Efficiency and interactions of alerting, orienting and executive networks: the impact of imperative stimulus type.Acta Psychol (Amst) 2014; 148:209-15AP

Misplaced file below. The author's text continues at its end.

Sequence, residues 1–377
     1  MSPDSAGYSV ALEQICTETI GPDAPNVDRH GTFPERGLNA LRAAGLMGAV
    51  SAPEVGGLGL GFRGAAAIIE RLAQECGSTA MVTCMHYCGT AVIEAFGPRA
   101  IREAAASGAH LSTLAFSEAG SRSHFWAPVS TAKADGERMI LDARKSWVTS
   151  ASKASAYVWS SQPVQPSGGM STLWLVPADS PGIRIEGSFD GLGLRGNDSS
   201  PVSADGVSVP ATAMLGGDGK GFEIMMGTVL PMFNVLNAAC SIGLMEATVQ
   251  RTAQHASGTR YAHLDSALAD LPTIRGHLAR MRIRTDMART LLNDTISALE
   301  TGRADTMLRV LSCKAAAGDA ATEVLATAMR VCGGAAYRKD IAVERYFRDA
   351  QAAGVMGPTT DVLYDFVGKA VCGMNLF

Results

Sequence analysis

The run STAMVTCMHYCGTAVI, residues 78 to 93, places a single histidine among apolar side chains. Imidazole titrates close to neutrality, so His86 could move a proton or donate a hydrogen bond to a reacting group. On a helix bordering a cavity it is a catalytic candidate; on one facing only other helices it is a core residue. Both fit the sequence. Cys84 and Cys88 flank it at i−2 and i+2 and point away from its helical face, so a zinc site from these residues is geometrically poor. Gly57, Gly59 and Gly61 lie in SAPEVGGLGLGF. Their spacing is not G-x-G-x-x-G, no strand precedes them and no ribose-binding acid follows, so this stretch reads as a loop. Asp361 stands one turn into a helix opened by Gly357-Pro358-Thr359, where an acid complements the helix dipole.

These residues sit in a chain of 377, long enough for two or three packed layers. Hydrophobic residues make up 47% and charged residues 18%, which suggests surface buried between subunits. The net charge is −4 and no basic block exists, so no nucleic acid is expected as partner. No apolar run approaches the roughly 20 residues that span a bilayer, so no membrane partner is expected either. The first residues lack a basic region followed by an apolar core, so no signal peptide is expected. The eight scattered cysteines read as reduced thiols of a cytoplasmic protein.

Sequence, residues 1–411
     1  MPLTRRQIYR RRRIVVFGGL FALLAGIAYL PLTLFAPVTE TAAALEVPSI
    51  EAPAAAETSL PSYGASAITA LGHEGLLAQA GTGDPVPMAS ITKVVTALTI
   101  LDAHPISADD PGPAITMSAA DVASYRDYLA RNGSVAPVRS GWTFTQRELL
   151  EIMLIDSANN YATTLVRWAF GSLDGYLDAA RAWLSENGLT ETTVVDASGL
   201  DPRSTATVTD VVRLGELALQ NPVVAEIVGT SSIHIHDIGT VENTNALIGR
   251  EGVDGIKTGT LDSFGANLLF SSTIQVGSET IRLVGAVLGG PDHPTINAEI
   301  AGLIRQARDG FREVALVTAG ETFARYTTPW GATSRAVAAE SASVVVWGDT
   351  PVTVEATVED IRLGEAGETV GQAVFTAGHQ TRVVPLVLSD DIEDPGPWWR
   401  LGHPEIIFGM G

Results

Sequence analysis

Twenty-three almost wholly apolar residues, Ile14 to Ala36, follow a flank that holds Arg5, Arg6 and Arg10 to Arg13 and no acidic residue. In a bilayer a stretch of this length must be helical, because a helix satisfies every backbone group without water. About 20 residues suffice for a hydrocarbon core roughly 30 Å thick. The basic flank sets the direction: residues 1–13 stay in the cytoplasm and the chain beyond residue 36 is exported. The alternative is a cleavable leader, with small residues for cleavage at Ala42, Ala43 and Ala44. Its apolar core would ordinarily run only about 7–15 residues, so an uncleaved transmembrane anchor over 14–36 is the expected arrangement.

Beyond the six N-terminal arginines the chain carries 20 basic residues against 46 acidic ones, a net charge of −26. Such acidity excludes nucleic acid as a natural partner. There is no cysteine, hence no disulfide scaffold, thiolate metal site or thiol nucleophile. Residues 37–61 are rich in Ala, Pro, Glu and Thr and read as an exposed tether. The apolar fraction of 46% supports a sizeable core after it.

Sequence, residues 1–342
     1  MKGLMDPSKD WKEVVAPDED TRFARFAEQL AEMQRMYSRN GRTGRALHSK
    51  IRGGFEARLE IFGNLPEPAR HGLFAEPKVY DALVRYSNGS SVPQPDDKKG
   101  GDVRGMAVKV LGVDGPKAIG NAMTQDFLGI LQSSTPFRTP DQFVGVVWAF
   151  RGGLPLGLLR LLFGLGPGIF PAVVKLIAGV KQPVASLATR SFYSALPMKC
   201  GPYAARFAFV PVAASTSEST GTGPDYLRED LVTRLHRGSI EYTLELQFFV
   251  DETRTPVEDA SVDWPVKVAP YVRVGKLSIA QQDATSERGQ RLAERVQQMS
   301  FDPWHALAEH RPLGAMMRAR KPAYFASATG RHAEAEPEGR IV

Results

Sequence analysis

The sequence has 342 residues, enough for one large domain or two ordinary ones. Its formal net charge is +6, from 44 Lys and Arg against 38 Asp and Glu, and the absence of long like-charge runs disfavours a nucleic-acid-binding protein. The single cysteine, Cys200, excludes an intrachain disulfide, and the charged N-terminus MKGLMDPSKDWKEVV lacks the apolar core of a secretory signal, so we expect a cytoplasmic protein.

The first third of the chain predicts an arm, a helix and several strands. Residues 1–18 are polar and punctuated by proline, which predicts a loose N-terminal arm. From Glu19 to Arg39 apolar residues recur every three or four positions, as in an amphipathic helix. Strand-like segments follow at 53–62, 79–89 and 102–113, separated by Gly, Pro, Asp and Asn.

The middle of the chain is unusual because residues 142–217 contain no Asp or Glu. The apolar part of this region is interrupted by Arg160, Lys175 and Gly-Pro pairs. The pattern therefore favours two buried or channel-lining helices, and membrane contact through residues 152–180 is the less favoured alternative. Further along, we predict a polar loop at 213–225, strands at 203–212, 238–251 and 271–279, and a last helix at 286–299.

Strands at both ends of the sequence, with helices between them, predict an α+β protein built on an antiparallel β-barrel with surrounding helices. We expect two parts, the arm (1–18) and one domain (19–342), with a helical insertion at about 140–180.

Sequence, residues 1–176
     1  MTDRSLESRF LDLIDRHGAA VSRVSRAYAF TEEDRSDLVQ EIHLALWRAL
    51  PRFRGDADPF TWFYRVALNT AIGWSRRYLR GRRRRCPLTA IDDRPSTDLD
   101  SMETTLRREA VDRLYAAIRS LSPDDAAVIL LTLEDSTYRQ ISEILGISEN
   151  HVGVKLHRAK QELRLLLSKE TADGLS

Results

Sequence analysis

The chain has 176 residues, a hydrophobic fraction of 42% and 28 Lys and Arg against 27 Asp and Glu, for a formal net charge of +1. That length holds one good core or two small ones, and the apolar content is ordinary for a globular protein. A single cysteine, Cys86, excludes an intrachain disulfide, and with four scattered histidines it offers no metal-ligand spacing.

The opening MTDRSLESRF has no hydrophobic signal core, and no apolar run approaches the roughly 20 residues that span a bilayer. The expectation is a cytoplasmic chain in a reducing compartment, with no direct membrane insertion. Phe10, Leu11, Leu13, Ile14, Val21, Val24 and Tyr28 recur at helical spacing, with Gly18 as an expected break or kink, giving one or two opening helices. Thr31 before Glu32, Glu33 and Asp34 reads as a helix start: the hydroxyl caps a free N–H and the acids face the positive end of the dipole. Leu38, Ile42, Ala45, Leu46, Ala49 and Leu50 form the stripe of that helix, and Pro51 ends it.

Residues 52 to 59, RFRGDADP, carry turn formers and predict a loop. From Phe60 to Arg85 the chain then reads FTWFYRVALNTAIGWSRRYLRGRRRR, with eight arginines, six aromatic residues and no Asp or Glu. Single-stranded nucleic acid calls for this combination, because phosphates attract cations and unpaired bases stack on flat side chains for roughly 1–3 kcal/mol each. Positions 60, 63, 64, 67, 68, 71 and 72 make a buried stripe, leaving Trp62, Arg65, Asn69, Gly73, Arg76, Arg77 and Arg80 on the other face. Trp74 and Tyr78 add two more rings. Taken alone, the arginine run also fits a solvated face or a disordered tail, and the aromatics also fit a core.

The Attention Network Test (ANT) generates measures of three attention networks: alerting, orienting and executive control. Arrows have been generally used as imperative stimuli in the different versions of this paradigm. However, it is unknown whether the directional nature of these stimuli can modulate the efficiency of the executive control and its interaction with alerting and orienting. We developed three ANT variants to examine attentional effects in response to directional and non-directional stimuli. Arrows (ANTI-A), colored fruits (ANTI-F) and black geometrical-shape (ANTI-G) were used as imperative stimuli (i.e., flanker stimuli). Data collected from fifty-two university students, in two experiments, showed that arrows stimuli produced a greater interference effect and a greater orienting effect as compared to the other stimuli. Moreover, only arrows modulated the interaction between executive control and orienting: a reduced flanker effect in spatially cued trials was only observed in ANTI-A. These results suggest that the directional value of the stimuli increases the conflict and modulates the efficiency of executive control and its interaction with orienting network.